From simple sweets to complex confections, create dazzling desserts with this beautifully illustrated chocolate cookbook from a baking "legend" (New Yorker).
Maida Heatter is one of the most trusted and beloved cookbook authors of all time. Her recipes, each a modern classic, have inspired extraordinary bakers such as Dorie Greenspan, Christina Tosi, and David Lebovitz, whose foreword introduces the joy of baking with Maida to a new generation.
Throughout Maida's nearly 50-year career as a "genius" of baking (New York Times), one thing was constant: her passion for chocolate. She created hundreds of recipes for chocolate cakes, puddings, pies, cookies, and more. Now, Chocolate Is Forever collects her very best, most irresistibly chocolatey delights-including The World's Best Hot Fudge Sauce.
Developed for foolproof baking by anyone, each of these nearly 100 recipes is written with Maida's warm but no-nonsense instructions and carries her guarantee that it will work perfectly every time. With recipes ranging from simple cupcakes and fudgy brownies to decadent flourless cakes, this book is a must-have in every chocolate-lover's kitchen.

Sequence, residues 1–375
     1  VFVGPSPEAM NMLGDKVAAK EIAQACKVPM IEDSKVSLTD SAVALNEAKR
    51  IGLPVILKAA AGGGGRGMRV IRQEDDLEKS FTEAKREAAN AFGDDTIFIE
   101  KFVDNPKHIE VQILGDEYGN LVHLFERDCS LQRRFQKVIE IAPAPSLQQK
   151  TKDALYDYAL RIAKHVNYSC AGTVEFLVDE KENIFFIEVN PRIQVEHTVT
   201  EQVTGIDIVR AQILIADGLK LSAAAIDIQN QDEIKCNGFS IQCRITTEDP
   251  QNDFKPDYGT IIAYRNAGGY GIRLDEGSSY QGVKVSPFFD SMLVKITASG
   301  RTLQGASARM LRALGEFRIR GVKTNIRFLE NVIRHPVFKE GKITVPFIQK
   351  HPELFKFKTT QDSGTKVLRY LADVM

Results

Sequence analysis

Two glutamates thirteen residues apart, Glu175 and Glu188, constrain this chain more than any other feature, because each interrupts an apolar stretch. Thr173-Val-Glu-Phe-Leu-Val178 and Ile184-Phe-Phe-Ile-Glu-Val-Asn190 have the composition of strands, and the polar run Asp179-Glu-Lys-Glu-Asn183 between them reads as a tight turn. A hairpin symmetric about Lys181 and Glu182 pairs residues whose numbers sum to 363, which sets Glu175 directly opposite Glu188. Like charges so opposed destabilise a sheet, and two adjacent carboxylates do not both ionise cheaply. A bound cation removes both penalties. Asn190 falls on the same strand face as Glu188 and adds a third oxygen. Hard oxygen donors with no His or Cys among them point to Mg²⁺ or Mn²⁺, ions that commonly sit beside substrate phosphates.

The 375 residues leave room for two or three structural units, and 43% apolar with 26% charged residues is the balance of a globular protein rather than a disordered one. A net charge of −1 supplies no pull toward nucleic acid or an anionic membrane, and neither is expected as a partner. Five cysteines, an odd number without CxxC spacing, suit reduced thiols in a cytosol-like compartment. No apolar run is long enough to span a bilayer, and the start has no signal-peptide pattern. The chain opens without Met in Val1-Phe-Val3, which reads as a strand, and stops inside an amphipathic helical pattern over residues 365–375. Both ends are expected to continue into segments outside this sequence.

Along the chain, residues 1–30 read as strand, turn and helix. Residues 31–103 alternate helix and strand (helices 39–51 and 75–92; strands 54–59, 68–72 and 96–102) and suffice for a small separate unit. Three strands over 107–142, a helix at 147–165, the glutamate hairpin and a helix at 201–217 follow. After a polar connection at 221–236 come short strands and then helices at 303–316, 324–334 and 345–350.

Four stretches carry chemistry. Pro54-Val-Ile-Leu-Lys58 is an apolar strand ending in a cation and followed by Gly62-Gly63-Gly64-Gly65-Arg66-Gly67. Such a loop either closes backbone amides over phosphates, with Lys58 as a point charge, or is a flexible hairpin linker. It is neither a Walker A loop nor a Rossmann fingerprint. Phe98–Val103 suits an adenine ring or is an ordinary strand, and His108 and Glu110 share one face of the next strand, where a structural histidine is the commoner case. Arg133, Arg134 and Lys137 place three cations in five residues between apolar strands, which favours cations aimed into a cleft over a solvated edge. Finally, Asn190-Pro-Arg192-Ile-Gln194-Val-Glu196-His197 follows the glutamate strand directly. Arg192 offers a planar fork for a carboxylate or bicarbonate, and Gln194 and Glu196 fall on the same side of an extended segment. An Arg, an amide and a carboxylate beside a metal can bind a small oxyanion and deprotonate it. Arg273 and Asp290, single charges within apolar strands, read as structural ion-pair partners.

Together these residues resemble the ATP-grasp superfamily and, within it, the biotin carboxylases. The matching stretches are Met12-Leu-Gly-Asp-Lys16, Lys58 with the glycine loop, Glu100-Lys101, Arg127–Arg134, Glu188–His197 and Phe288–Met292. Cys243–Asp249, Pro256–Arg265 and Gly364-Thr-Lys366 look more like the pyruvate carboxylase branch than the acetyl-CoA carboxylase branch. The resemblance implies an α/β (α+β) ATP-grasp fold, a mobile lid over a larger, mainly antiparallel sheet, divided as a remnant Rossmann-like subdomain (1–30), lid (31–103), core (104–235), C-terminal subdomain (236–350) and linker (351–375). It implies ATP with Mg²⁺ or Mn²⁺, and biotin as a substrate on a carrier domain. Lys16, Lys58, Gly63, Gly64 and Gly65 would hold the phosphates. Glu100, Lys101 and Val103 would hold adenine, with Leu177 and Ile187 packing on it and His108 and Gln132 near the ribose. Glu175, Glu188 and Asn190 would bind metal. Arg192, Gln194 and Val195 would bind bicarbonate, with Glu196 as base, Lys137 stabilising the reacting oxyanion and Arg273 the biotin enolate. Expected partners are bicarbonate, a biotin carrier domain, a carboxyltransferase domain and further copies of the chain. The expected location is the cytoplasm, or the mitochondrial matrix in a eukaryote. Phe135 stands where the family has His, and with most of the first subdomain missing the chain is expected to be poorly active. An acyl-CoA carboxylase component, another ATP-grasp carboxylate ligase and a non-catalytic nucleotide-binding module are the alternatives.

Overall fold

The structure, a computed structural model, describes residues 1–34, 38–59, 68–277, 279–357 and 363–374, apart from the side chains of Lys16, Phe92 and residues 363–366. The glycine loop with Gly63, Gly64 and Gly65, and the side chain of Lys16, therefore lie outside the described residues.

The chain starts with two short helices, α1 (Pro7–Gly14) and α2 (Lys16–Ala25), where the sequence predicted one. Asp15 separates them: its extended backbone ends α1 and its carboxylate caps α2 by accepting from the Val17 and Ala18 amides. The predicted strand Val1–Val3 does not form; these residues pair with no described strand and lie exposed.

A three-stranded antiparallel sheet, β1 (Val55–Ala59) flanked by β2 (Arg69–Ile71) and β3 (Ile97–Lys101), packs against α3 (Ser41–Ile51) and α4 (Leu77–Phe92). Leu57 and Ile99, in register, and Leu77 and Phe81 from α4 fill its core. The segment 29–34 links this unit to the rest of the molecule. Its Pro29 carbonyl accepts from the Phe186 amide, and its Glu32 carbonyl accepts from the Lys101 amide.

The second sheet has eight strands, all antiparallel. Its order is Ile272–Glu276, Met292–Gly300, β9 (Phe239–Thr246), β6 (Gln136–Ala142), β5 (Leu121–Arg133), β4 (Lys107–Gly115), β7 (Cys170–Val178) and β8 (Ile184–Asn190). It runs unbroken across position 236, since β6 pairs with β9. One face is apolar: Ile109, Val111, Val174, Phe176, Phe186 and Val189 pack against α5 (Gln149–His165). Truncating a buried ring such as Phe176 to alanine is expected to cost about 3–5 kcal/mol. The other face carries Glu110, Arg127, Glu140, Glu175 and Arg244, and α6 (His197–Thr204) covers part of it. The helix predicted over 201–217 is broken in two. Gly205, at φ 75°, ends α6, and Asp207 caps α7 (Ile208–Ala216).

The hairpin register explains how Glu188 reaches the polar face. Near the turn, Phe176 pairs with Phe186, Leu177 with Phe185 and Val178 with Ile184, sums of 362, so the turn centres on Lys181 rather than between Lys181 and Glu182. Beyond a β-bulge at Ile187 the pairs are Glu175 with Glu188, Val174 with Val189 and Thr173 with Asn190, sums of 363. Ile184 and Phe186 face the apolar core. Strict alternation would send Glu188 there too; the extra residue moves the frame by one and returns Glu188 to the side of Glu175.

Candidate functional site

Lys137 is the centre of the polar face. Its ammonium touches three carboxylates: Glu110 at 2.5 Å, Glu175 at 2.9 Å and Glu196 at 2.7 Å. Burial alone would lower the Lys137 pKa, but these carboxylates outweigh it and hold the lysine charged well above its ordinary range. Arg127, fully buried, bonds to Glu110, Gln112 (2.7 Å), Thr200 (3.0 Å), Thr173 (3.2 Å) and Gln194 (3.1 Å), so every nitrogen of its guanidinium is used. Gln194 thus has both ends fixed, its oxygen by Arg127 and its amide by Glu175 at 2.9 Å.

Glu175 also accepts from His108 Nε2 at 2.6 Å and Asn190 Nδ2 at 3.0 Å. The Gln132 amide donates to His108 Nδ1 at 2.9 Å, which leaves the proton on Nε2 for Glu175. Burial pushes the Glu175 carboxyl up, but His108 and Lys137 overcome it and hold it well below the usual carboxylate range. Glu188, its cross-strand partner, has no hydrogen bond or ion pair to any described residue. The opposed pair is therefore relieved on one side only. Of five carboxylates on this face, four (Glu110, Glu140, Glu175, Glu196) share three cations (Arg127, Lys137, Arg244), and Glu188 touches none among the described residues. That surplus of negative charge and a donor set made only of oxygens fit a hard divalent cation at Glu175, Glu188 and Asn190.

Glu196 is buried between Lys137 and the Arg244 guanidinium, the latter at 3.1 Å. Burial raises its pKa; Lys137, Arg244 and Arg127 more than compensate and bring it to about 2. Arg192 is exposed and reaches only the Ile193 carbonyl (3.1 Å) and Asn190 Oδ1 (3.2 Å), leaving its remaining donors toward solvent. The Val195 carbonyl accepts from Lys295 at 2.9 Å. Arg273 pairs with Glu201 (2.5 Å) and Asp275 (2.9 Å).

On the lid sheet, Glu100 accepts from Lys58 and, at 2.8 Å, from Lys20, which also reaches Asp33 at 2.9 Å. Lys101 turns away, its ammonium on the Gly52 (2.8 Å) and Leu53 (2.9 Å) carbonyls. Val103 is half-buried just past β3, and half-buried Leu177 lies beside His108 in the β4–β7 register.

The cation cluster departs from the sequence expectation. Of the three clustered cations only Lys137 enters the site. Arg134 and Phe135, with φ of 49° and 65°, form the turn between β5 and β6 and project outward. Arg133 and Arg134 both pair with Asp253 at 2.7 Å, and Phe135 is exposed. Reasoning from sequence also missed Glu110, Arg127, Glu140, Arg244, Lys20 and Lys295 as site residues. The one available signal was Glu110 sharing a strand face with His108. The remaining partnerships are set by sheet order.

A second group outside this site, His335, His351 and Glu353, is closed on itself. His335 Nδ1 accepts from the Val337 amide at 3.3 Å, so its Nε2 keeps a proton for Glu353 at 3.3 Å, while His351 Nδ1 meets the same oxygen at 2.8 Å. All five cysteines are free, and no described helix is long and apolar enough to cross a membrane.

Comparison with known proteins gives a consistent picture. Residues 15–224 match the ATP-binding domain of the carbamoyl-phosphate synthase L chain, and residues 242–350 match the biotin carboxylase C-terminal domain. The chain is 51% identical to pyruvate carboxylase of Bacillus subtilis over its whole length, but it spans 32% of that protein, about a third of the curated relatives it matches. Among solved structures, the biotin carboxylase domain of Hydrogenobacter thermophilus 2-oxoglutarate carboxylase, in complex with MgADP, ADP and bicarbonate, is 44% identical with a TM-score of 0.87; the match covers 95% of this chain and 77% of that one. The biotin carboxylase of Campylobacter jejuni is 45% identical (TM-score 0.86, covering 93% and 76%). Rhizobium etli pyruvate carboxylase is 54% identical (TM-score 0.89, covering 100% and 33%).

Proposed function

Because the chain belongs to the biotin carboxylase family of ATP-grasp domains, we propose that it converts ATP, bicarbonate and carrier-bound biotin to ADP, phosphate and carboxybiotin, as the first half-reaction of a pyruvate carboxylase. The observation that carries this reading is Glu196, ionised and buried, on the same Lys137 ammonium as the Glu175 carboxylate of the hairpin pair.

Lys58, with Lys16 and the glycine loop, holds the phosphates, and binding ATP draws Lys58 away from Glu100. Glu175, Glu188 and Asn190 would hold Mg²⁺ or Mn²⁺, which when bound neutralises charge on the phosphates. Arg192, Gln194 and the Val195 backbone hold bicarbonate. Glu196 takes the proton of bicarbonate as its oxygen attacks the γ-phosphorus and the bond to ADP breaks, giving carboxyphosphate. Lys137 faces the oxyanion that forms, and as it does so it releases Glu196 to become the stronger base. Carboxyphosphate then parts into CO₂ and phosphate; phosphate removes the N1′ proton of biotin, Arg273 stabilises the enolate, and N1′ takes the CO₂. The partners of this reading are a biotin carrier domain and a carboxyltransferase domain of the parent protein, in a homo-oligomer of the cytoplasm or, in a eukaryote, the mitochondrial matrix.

A greatest-hits culled from the long career of the late Heatter (1916 2019) is collected in this enjoyable cookbook. Included are Heatter trademarks such as her favorite birthday cake (two flourless chocolate layers sandwiching whipped cream and topped with coffee-chocolate icing) and her famous Palm Beach brownies with Peppermint Patties. Instructions are solid and specific (readers are admonished, for instance, not to overdo the zigzagging when marbling a loaf cake), though the slightly amateurish drawings sometimes don't capture Heatter's precise finishing instructions. A retro feel is inevitable Heatter recounts tracking down a chocolate souffl cake recipe on the Upper East Side in 1980 but there's sweet nostalgia to be found in three variations on chocolate fondue and old-fashioned fudge. Treats such as chocolate icebox cookies studded with almonds, and pots de cr me are classics for good reason. Still, it might have been nice to have historical background on some of her recipes, such as when "the newest cheesecake," based on Craig Claiborne's, was actually new. Heatter remains an important figure in the American baking world, and reading her firm-but-friendly voice is like visiting with an old friend.